Kishida Fumio’s selection as Japan’s new prime minister, judged in terms of his campaign rhetoric, at first glance has the potential to mark a turning point in post-war Japanese politics. Announcing his new cabinet on October 4, Kishida, as the new leader of Japan’s governing Liberal Democratic Party (LDP), has committed himself to a more “careful and tolerant” politics, a sign of his willingness to move away from the leadership style of former Prime Minister Abe Shinzo (2012-20), sometimes criticized as intolerant of dissent and overly centralizing.
Ambitiously, Kishida has committed himself to promoting “a new form of capitalism” that embraces both growth and redistribution, with a focus on promoting equality and improved social welfare, while revitalizing democracy at home and abroad through enhanced “trust and compassion” and close cooperation with key security partners, such as the United States.
A natural listener with a reputation for modesty, courteousness, and an enthusiasm for teamwork (reflecting Kishida’s love of baseball), the new prime minister is to his detractors bland, unassertive, and lacking in charisma. Hailing from the more progressive, liberal wing of the LDP, Kishida’s political role-models include Ikeda Hayato (prime minister from 1960-64) and Miyazawa Kiichi (prime minister from 1991-1993). All three men’s political and personal ties are to Hiroshima – a city with a unique past as a casualty of atomic bombing that perhaps explains the tendency of its politicians to avoid the more nationalistic, conservative approach of other senior LDP figures. Kishida’s economic policy, echoing Ikeda’s signature “income-doubling” approach of the 1960s, aims to promote the interests of Japan’s middle class and offset the deepening wealth and income inequality that has bedeviled the country over the past-30 years.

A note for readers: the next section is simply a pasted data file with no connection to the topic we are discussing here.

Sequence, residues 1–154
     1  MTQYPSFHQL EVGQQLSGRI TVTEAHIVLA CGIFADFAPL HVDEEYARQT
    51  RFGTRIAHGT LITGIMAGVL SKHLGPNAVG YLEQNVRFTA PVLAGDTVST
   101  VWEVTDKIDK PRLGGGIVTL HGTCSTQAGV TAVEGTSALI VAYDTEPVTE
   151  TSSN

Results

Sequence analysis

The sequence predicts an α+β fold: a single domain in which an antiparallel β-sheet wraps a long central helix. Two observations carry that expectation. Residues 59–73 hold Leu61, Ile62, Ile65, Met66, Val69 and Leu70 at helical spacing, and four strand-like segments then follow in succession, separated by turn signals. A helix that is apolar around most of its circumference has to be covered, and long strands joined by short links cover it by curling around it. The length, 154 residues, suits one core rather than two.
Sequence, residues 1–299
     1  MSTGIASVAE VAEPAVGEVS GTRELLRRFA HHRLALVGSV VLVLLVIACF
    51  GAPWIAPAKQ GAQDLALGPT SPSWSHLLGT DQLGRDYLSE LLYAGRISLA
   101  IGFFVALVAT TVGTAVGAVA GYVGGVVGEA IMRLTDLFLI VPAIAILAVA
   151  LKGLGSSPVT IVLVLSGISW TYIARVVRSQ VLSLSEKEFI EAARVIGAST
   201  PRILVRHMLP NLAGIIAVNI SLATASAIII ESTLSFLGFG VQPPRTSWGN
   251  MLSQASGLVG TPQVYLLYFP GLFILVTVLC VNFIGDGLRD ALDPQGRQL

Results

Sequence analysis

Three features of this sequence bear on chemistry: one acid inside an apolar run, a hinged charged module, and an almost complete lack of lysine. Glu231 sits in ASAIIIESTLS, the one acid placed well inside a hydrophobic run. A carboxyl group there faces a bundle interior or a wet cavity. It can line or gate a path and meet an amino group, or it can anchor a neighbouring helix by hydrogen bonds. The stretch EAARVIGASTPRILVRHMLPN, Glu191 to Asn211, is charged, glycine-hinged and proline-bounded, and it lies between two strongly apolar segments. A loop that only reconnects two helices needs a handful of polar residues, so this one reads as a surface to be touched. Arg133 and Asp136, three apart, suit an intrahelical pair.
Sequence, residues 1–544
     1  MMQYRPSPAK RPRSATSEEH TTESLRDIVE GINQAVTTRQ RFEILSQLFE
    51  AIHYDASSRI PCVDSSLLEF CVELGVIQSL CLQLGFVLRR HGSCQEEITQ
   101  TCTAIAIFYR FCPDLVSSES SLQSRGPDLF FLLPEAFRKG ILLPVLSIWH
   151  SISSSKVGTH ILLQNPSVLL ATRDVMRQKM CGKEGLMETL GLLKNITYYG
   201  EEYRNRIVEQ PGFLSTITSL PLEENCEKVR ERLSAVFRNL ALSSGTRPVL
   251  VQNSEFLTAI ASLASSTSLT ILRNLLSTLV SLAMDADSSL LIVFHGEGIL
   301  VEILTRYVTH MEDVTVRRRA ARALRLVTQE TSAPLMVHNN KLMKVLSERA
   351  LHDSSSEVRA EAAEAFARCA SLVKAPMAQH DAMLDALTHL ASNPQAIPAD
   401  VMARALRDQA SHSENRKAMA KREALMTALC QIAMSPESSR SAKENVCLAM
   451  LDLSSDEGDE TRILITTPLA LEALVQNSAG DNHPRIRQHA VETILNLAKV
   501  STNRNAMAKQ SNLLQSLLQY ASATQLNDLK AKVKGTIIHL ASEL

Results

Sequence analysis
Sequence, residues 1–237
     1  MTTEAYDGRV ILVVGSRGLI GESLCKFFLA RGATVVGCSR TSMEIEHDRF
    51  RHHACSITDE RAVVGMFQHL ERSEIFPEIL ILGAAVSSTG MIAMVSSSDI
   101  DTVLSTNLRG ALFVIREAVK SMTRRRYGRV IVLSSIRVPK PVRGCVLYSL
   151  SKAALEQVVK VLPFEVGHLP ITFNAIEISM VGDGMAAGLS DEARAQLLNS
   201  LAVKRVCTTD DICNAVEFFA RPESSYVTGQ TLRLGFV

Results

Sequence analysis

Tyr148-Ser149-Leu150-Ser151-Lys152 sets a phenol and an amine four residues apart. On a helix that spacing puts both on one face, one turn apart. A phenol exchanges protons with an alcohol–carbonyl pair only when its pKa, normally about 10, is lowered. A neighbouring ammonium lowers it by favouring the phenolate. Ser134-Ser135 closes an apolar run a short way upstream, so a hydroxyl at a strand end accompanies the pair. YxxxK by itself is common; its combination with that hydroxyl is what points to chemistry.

To underscore his reforming credentials, Kishida has brought new, younger politicians into the cabinet. Thirteen of the 20-strong body have had no prior experience as cabinet ministers and many have served just three terms as LDP representatives in the Diet, the National Assembly – a marked departure from the convention that appointees typically have been elected no fewer than five times. As a candidate for LDP president, Kishida staked out his progressive credentials, calling for strict term limits for party officials and hinting at a willingness to tackle the issue of financial corruption that has undermined public confidence in both the Suga and Abe administrations.
However, it is unclear if Kishida will have the political space to promote reform. His success in the LDP leadership race was critically dependent on the backing of more conservative party heavyweights, including Abe, former Deputy Prime Minister Aso Taro, and Amari Akira, a former economics minister whom Kishida has chosen for the powerful party position of secretary general. These so-called “three As” were united in their desire to thwart the leadership ambitions of former Defense and Foreign Minister Kono Taro, who was popular with rank and file party members and, most importantly, with the general public. Until a few weeks ago Kono’s victory seemed assured, but his reluctance to defer to his party seniors and his reputation as a maverick — supportive of guaranteed pension provision, reduced reliance on nuclear power, increased immigration, greater gender equality and the right of female succession to the monarchy — prompted a concerted “stop Kono” campaign orchestrated by Abe as the party’s most senior and influential elder statesman.
Will Kishida remain critically beholden to Abe and the old guard? Some of his key appointments – not just Amari, but also the selection of Aso as LDP vice president, and Takaichi Sanae (whom Abe strongly backed in the first round of voting for the LDP presidency) as chair of the LDP’s key Policy Affairs Research Council (PARC) are intended to shore up support from the party’s powerful factions. However, other decisions, most notably the choice of Matsuno Hirokazu as chief cabinet secretary (reportedly in opposition to Abe’s preference for Hagiuda Koichi) as well as the selection of Kobayashi Takayuki to front a new created ministry of economic security, hint at more independence on Kishida’s part. The new prime minister is seeking not only to accommodate both old and new faces in government, but also to boost the party as a balancing influence against an overly strong cabinet.